Home   Ambassador's Remark   Embassy Info   Consular Service   China-Finland Relation   Economy & Trade   Culture & Arts   Science & Technology   Education 
   Home > Spokesperson's Remarks
Foreign Ministry Spokesperson Hua Chunying's Regular Press Conference on December 27, 2016
2016/12/27

Q: Russian President Putin said that the Russian, Turkish, Iranian and Syrian governments have agreed that the Kazakh capital Astana should be the venue for new Syrian peace negotiations. Putin also said that the next step for Syria would be a nationwide ceasefire. What expectations does China hold for the new Syrian peace talks?

A: Political peace negotiation is the only viable solution to the Syrian issue. This is a consensus shared by the international community, pointing out a direction for parties concerned of the Syrian issue. A nationwide ceasefire is the guarantee for the political settlement of the Syrian issue, and also an early harvest that all parties should work for in the peace talks. China welcomes all efforts that can lead to the early resumption of peace talks, and hopes that all parties can seek common ground while shelving differences, work in unison, and pursue a political solution that accommodates all parties' legitimate concerns through dialogue and consultation while taking into account the long-term interests of Syria and the well-being of its people.

Q: China's diplomacy has recently scored some major achievements: normalization of relations with Norway, Mongolia's commitment of no more Dalai's visits, Sao Tome and Principe's cutting ties with Taiwan and resuming relations with China yesterday. Bloomberg describes this as China's "diplomatic hat trick", and some US media say that China is making remarkable strides diplomatically using its economic power as a strategic weapon. How do you respond?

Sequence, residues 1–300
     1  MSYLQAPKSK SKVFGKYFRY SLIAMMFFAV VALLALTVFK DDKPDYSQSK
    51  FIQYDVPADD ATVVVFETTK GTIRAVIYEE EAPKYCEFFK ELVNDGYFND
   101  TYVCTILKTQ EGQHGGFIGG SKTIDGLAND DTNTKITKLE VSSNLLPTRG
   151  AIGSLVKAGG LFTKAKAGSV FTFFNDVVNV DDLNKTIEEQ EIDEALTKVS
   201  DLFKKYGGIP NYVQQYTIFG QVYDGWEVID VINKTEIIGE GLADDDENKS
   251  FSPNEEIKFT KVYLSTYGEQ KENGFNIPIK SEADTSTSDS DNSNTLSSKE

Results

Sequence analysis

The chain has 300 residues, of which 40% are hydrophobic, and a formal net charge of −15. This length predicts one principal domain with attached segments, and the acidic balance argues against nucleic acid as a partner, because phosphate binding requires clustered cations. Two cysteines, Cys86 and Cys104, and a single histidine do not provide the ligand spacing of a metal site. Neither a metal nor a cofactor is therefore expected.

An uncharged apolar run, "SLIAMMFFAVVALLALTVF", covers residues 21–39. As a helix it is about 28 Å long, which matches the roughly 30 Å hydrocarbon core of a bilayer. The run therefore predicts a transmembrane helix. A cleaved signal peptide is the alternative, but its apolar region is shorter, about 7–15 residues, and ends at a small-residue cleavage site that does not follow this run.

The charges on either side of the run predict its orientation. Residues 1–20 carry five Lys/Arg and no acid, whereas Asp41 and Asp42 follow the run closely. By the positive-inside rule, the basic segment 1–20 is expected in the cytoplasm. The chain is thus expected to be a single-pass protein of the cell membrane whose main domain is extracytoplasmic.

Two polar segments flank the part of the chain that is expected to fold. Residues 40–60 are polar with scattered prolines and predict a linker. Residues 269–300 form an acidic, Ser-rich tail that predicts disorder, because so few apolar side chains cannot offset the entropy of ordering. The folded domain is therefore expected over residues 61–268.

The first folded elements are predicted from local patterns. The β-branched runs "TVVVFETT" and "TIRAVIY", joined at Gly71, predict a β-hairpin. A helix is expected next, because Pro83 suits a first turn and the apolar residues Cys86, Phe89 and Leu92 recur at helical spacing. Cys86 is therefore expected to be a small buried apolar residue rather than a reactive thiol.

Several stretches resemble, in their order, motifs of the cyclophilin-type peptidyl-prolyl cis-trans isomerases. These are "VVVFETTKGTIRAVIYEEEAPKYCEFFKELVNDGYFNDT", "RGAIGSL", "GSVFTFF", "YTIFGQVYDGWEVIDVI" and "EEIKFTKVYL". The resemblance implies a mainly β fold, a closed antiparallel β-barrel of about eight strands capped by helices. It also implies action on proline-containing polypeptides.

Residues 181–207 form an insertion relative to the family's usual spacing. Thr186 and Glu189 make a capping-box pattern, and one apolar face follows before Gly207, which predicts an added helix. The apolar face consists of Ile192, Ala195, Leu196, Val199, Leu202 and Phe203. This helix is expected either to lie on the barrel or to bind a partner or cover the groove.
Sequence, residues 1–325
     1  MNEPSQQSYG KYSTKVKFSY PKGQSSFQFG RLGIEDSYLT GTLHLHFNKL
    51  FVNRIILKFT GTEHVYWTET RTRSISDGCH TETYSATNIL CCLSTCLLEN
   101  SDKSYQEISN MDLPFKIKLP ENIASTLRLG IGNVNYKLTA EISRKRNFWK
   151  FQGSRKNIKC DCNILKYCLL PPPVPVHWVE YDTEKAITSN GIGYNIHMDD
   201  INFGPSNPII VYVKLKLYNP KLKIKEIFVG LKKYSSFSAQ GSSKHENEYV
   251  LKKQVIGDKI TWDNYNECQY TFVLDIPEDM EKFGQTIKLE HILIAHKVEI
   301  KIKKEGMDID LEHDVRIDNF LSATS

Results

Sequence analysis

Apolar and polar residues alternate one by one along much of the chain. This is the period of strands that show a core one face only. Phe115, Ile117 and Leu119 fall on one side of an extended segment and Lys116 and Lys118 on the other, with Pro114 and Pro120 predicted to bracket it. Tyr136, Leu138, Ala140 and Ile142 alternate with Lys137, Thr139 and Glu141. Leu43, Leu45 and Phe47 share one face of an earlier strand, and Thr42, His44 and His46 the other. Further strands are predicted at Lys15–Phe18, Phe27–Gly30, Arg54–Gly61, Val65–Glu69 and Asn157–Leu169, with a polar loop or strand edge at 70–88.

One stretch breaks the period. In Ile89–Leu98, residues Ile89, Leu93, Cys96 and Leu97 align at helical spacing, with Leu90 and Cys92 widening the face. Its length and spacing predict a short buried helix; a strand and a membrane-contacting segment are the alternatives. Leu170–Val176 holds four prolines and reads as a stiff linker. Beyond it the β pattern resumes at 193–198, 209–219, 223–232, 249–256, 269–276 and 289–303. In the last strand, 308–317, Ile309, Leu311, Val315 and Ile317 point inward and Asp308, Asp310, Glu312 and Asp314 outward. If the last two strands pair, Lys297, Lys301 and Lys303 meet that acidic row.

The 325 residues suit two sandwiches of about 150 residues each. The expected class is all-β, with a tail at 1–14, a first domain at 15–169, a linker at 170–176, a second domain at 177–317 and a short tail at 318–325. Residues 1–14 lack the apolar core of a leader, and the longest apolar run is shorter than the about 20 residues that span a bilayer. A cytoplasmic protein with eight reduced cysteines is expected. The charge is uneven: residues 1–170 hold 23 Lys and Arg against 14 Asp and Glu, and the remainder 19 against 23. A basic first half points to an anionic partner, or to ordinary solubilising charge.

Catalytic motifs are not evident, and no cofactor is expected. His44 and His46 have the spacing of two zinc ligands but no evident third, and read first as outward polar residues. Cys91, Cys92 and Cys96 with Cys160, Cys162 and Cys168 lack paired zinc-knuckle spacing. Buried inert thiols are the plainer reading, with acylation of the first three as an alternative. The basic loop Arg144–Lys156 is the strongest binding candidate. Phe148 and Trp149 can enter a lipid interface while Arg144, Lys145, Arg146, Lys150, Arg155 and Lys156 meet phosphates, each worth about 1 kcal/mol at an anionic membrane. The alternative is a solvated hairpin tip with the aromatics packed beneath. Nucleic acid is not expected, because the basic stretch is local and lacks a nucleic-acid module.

A: To start with, I'd like to thank relevant media for their interest in and acknowledgment of China's diplomacy. Speaking of economic power, as the largest developing country in the world, we are certainly not the most economically powerful yet. Thanks to our relations with other countries featuring mutual respect, equal treatment and win-win cooperation based on the five principles of peaceful coexistence, China's diplomacy is projecting a proactive and pioneering landscape. At the same time, China has the resolve and capability to safeguard its own core interests.

Q: The Japanese Prime Minister is on a visit to the Pearl Harbor. Do you think it is now time for him to come to Nanjing and apologize to the Chinese people?

A: I noticed that media from both China and the west are following closely Japanese Prime Minister Shinzo Abe's visit to the Pearl Harbor. We have also taken note of reports saying that this visit is only about offering prayers to the victims and does not include an apology, and that the visit is highly likely to be a publicity stunt aimed at China. Also, over 50 historians from Japan and the US have reportedly sent an "inquiry letter" to Abe, stating that Abe needs to offer prayers to war victims from China, the ROK and other Asian countries and it is the Chinese people that Japan should apologize to first.

My colleague, Spokesperson Lu Kang, has already offered a helpful piece of advise about where to pay tributes to the deceased Chinese people in the war. Here is one more word from me: despite the ostentatious gestures, serious reflection holds the only key to reconciliation.

Q: According to Kyodo news report, "tolerance" and "historical reconciliation" will be highlighted in Japanese Prime Minister Shinzo Abe's visit to the Pearl Harbor, who hopes to "settle accounts with the history of World War II" through this visit. Do you have any response to this?